Tadao Ando @The National Art Center in Tokyo

The National Art Center in Tokyo Celebrates Tadao Ando's Life and Architecture

The show features over 200 items, including a full-scale model of the architect's Church of the Light and a partial recreation of his personal studio.

The National Art Center in Tokyo opens “Tadao Ando: Endeavors,” an exhibition centered on the life and works of Japanese contemporary architect Tadao Ando, Hon. FAIA. Ando's self-taught, minimalist architecture is associated with bare geometric forms that are free of ornamentation, but rich in depth and character. The former boxer turned architect brings life into the simple lines of his projects through integrating natural elements such as light, water, and wind. His structures, for the most part, utilize widely accessible materials such as concrete, steel, and glass.

Divided into six sections, the show features over 200 images, sketches, and drawings of some of Ando’s most popular projects in Japan, such as the Row House (1976), the Church on the Water (1988), and the Church of the Light (1989). The exhibition begins with a brief narration of Ando's life a few years before becoming an architect, and goes on to describe how he entered the realm of architecture. Reflecting on nearly half a century of Ando's work, each section unfolds various aspects of his projects including his use of light and void spaces, his structures' integration with their natural environment, and his involvement in social initiatives. Additionally, the show demonstrates Ando's passion for working with existing architecture by showcasing his series of restoration projects, including the restoration of the Punta della Dogana contemporary art museum in Venice, Italy.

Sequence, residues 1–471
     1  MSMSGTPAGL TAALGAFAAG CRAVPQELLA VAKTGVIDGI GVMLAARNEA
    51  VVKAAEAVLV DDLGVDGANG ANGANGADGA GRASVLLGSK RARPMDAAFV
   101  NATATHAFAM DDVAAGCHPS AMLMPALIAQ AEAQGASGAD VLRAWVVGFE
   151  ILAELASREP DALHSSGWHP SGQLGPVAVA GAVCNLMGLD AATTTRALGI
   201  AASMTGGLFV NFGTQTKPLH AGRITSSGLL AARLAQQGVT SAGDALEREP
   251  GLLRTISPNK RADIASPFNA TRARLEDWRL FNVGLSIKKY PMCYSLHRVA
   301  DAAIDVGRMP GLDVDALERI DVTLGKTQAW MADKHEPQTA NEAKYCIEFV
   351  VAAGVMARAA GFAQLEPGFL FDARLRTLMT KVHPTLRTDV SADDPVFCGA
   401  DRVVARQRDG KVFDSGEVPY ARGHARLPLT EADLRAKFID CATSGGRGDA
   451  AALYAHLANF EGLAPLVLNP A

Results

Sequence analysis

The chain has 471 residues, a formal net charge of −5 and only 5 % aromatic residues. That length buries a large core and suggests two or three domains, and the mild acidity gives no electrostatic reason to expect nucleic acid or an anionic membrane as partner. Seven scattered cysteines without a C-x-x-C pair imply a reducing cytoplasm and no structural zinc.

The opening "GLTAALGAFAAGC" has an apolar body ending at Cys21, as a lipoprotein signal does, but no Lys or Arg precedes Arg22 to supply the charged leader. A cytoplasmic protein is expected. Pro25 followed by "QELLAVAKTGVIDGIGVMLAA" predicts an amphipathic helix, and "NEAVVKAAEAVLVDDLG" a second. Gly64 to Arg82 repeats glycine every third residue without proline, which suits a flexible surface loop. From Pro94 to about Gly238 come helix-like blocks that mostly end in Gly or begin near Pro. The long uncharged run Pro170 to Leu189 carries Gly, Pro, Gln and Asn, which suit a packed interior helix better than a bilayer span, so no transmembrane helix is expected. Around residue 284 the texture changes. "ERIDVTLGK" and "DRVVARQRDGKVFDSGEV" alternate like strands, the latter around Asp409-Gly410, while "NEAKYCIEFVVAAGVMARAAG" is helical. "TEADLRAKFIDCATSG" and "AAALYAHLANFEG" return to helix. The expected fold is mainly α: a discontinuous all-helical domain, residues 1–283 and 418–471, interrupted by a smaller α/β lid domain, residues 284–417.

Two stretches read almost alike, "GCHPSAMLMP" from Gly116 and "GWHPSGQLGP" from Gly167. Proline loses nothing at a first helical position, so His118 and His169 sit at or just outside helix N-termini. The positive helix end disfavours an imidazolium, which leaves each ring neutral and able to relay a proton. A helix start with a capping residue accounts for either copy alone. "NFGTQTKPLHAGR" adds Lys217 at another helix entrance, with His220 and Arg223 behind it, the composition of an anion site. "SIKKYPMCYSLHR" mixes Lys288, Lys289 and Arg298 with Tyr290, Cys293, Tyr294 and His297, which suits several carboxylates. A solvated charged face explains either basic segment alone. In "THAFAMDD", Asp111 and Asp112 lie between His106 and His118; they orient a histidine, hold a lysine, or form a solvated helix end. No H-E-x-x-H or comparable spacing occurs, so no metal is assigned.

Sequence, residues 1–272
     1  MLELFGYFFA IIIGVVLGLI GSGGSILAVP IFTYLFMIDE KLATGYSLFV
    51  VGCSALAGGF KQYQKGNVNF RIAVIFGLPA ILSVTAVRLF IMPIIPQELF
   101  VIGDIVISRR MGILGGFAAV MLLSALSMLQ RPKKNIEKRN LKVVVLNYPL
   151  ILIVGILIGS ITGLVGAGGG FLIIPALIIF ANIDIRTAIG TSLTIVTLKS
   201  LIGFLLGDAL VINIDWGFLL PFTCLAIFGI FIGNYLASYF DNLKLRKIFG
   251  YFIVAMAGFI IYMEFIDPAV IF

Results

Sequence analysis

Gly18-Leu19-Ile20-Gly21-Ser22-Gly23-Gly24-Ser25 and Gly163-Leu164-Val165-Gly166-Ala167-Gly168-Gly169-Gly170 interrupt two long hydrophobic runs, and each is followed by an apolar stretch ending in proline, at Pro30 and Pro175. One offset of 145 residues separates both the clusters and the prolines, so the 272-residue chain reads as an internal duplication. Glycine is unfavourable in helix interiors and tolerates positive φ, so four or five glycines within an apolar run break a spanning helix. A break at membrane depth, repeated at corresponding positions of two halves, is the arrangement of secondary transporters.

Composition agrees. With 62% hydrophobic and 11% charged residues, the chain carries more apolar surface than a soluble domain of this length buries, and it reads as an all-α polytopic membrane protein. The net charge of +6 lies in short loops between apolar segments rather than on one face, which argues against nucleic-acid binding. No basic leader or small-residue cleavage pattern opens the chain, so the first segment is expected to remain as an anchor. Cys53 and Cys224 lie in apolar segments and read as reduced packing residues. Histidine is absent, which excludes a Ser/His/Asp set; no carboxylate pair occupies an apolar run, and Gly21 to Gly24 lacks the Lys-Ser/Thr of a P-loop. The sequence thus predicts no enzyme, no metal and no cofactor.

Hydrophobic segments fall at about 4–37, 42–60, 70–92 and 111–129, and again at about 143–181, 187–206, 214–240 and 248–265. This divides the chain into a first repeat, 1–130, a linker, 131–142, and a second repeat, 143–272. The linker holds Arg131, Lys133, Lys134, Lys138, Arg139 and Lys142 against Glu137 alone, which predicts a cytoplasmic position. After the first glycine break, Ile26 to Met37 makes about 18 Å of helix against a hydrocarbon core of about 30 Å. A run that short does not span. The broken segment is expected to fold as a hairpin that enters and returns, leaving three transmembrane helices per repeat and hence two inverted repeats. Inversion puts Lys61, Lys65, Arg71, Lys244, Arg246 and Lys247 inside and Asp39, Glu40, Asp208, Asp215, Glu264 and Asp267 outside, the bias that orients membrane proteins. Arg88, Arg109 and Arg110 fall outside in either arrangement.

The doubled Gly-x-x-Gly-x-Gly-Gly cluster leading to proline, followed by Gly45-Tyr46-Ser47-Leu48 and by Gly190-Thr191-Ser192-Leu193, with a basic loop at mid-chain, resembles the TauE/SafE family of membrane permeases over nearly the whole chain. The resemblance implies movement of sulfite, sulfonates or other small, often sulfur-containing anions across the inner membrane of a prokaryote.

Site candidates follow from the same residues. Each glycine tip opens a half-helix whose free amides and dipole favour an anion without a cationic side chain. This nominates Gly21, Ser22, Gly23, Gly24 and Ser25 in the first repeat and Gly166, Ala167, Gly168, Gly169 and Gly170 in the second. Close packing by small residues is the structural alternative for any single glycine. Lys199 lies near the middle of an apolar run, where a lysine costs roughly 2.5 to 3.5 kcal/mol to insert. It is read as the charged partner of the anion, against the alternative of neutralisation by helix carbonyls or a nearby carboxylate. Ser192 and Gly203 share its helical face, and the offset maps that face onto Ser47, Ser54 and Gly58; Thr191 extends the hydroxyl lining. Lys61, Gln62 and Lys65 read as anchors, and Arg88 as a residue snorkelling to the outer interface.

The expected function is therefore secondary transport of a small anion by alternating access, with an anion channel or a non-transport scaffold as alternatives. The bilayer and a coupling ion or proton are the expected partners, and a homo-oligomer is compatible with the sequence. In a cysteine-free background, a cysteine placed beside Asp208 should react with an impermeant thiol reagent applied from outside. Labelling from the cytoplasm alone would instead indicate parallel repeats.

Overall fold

On view through Dec. 18, “Tadao Ando: Endeavors” is open to the public at the National Art Center in Tokyo every day of the week, except Tuesdays.